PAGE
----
impregnation is limited to an external layer penetrating
The proportions of alkyl-polysiloxane additives are to
40
only a few millimetres. If this layer is destroyed, the
be chosen between 0.1 and 5 percent by weight of dry
underlying material is no longer protected.
building material composition.
It is obvious and has already been proposed, in order
The building materials themselves comprise mortars
to save the working step of a subsequent impregnation
of all types, particularly plaster mortar for facing plas
and to ‘obtain a satisfactory distribution of the alkali
ter, light and heavy concrete masses, asbestos cement,
metal-alkyl siliconates, to use them dissolved in the mixing
magnesia cement masses, masses containing gypsum or
water of the mortar; however, this does not reduce the
anhydrite, and masses for the manufacture of arti?cial
number of disadvantages: the setting time and strength
stones provided their baking or hardening temperatures
of the building elements, particularly those containing
do not exceed 300° C. The setting time and solidity of
cement, are unfavourably in?uenced. Facing plasters,
the element shaped therefrom are not noticeably in?u
50
for example, do not adhere su?icien-tly fast to the founda
enced by additions of the above mentioned amounts.
tion. During the setting time, the siliconates are still
During the mixing with the building material care has
partially dissolved and therefore liable to be washed out
to be taken by usual means for an even distribution. On
by the external in?uence of water. They give rise to
account of the physiological inertia of alkyl polysiloxanes
white efilorescences which are rooted in the building
additional precautions are unnecessary. The dry mix
55
material and can therefore not be rubbed off so that dis
tures containing the additive according to the invention
turbing stains are formed, particularly on coloured plas
are at least as stable on storage as dry mixtures not con
ter.
taining this additive; the mixing with water to prepare
The aforesaid disadvantages are obviated according
mouldable masses encounters no difficulty, i.e. during
to the invention by admixing to the still unshaped build
working up in the manner customary in building industry
ing materials, particularly to the dry binding agents, 60 no wetting inhibitions or supernatation of the hydrophobic
alkyl-polysilox-anes in a solid and so ?nely divided state
component were noticed.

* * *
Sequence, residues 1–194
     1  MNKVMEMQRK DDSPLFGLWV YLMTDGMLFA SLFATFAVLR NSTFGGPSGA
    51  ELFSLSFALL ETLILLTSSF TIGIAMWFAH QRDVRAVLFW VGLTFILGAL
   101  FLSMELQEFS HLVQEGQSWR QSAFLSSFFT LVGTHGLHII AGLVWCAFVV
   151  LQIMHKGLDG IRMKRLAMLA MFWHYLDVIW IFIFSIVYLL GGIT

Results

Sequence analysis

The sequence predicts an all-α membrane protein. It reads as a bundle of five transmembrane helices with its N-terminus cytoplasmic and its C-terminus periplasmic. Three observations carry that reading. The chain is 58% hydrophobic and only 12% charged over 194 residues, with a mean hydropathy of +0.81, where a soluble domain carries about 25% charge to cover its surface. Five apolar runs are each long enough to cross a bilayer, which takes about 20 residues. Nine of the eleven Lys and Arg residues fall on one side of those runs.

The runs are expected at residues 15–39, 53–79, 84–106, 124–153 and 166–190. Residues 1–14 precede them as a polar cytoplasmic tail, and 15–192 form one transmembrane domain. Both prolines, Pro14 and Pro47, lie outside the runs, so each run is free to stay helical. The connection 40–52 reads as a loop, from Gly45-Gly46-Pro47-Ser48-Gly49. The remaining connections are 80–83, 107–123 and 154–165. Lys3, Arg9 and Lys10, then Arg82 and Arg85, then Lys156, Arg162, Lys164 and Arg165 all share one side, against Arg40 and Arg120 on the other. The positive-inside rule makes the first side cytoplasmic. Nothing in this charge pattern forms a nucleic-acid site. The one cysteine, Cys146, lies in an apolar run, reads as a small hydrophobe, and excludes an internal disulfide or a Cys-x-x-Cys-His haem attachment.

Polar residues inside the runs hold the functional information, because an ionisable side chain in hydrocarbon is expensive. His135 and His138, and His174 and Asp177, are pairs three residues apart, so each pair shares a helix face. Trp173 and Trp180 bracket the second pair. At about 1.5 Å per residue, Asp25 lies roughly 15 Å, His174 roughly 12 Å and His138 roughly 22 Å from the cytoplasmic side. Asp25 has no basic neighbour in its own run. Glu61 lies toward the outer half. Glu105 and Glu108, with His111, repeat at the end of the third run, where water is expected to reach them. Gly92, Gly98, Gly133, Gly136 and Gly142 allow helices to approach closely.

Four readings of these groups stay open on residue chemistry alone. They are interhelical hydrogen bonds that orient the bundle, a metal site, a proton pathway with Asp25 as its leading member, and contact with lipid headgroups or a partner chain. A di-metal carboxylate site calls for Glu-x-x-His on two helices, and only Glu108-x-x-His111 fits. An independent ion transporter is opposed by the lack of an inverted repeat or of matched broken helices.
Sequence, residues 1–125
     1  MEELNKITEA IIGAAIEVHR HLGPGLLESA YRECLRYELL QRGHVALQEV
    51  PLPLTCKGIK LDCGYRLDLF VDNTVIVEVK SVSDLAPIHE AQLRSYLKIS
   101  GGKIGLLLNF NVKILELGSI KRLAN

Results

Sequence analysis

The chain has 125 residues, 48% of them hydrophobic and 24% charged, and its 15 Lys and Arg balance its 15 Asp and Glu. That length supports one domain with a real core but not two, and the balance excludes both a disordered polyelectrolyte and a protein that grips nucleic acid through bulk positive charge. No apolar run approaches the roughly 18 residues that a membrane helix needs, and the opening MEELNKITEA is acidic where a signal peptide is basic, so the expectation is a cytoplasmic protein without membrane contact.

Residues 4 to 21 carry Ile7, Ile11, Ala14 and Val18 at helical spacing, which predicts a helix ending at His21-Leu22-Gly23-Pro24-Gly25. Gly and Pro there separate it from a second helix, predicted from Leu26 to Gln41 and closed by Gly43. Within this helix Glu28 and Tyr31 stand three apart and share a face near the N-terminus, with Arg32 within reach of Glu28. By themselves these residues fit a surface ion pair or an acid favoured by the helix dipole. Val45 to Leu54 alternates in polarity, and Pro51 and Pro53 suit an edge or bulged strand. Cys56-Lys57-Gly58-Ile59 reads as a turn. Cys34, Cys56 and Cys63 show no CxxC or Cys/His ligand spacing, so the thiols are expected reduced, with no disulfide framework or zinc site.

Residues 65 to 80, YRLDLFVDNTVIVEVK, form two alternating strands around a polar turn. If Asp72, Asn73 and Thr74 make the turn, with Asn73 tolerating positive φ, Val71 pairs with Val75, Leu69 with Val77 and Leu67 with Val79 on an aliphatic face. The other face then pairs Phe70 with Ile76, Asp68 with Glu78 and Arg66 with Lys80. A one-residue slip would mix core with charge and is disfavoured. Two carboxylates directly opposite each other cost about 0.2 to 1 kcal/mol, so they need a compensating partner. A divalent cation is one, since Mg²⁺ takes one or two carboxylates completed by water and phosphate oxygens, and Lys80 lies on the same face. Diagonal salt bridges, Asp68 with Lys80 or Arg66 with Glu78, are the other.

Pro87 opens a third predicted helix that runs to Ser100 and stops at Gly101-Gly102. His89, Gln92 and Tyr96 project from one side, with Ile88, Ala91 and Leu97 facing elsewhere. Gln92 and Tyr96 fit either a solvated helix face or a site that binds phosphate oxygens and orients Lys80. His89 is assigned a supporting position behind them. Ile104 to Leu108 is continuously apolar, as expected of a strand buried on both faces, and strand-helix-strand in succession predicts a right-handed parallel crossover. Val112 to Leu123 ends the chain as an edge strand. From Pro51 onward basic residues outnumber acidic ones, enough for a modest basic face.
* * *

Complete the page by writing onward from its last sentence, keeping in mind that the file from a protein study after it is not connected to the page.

that the grain size is less than 1 micron. These ‘alkyl
In the further development of the herein described
polysiloxanes are products of hydrolysis and condensation
building material composition it has been found that the
of liquid alkyl-halo-silanes and halo-silane mixtures con
e?iciency of the alkyl-polysiloxane powder is increased
taining alkyl-halo-silane which are known to give solid 65 so that the proportion of the alkylapolysiloxane powder
siloxane products by rapid hydrolysis and spontaneous
in the building material composition can be substantially
condensation ‘and which are obtainable immediately in a
?nely divided state according to a method of hydrolysis
reduced if the alkyl-polysiloxane powder is previously
admixed with another ?nely divided powder which does
described in \copending' application Ser. No. 768,706, 70 not deleterious-1y aifect the properties of the ‘building ma
entitled Process for the Production "of Finely Divided
terial composition. For this purpose there may be used
Solid Hydrolysis Products of Organosilanes, ?led in the
e.g. the powder of any of the components of the build
8,098,050
composition, but without the addition of methyl-poly
siloxane. Water brought onto the three plaster layers
prepared according to the invention, did not wet them,
but was completely repelled.
ing material composition. In particular there may be
used as blending component cement, lime, sand, pigments,
chalk, talcum, kieselguhr, and ?nely divided silica,
furthermore organic compounds, such as aluminum stea
r-ate, calcium stearate and other salts of higher carboxylic
acids. These blending components are to be used accord
ing to the invention in a state of ?ne division, but they
The same results were obtained with pigment-contain